Wednesday, August 17, 2011

farm mornings and lesson learned

 Most mornings there is a heavy fog that covers the farm. Everything is drenched in dew. 
  The world just ends at the treeline. No traffic, no sirens, no neighbor honking the car horn.. grasshoppers, birds and the cow bellowing out like an agricultural lighthouse. "North pasture today ladies.."

 I like routine and predictability lately. I take a few minutes to grab my coffee or tea and sneak out through the well oiled front door. My usual perch on the porch.. 
  My favorite time of the day is very fleeting.  Very soon we'll be back to staying in the small house in town as the Maternal Unit will make her return. Insane situation.. but so it goes. How long she'll stay is a mystery. Not long is the general guess. 

 Right now is kind of an odd time for foraging as there is a bit of a lull. Very soon elderberry, black walnut, chestnut, hickory, puffball mushrooms, hen-of-the-woods mushrooms, apples, pears, plums and several other goodies will be ready. 

 We've still had no luck in finding work. To be blunt.. I am rather amazed at what we have lived off of for this long. Just the whole pride issue keeps me from getting assistance as I keep telling myself.. we're doing ok for now..  

 I am for sure doing better than I have been in a very long time. Granted the nerve damage from the diabetes has limited me.. but after spending tens of thousands on medical and insurance.. losing almost everything.. I seem to be gaining my health back. I've lost 30 pounds.. without intending to do so. 

 Losing weight with type 2 diabetes and poly-cystic ovarian syndrome.. to name just 2 things wrong..  that's flat out hell. That's like bailing out Lake Erie with a slotted spoon. 

 But we don't eat processed foods right now. If I drink coffee, maybe a 1/2 cup. No sodas, no conventionally grown foods.. no gmo...    None of this intentional.. and the effects are amazing. Most of what we eat is from what we have grown, what we have foraged, and what we have traded. It is almost entirely local, it is entirely organic.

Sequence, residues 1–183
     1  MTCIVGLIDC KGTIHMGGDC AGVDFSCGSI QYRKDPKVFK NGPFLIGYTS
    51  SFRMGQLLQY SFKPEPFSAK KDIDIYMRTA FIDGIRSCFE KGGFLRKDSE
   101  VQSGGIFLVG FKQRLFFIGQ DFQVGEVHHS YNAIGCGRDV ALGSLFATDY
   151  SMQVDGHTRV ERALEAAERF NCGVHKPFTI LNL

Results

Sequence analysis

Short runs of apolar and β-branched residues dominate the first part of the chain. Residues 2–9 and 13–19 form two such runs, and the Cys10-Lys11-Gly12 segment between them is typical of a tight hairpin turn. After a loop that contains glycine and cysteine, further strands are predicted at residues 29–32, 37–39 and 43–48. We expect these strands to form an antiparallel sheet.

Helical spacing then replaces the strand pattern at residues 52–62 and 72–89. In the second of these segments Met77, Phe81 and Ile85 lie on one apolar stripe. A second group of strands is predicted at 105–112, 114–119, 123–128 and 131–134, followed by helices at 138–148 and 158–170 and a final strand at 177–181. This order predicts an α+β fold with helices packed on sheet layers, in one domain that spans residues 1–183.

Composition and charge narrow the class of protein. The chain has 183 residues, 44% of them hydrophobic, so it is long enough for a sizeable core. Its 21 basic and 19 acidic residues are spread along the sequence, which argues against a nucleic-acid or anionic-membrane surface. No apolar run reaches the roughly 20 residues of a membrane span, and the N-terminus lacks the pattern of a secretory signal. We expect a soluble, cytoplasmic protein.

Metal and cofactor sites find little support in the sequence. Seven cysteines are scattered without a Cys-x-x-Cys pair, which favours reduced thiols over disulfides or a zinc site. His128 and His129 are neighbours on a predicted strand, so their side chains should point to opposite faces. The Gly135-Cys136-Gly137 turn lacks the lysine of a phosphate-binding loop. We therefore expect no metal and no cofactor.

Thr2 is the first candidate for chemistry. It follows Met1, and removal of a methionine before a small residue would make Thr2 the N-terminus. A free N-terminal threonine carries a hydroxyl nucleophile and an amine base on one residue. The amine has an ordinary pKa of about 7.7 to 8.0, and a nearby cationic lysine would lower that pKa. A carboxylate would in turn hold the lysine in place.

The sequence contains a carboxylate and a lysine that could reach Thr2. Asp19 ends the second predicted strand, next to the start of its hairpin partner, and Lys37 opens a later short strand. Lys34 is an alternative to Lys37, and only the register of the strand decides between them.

This blog is my luxury I guess. No cell phone, we've got to watch Falling Skies and maybe the weather.. but nothing else.. Too busy to be bored, and zero time for video games.  It does mean a lot more time prepping meals.. especially when it is hot out. I find I can make several meals at once, or darn close.

 Somehow.. even with this financial vortex we are in.. I still am able to feed others. Weird I know, but doing something like that makes me happy. Yesterday.. I had to roast a turkey. Had to.. power line got nailed and the freezer thawed before we got home in that last storm. 

 This odd year is teaching me a lot.. and teaching me the hard way. Always learning I suppose.

For right now.. I am collecting alfalfa seeds for AJK and wild bergamot seeds. Here's a bouquet of alfalfa flowers to show their range in color. Really a lovely and yet under appreciated plant!


  1. I think you have the perfect personality for beekeeping and I am betting you would be amazed at the amount of cash it can bring in. Do the farmers market thing with some made from foraged items and grown stuff and you would make it. Easily I think with your knowledge the sky is the limit. Hell start your own seed company I will be your first customer.

  2. Sounds to me like the Lord has decided to teach you some skills that might be necessary skills in the near future.

    In some ways, your life sounds pretty rich to me...

    ...but having not walked in your shoes, I don't know for sure. I can say I appreciate your postings and knowledge.

  3. How I envy your mornings...the peace and quiet with a nice cup of coffee. I like your blog. God bless.

  4. Thank you for sharing how a diet rich in "real" foods has improved your health so dramatically.

    The best six doctors anywhere
    And no one can deny it
    Are sunshine, water, rest, and air
    Exercise and diet.
    These six will gladly you attend
    If only you are willing
    Your mind they'll ease
    Your will they'll mend
    And charge you not a shilling.

    ~ Wayne Fields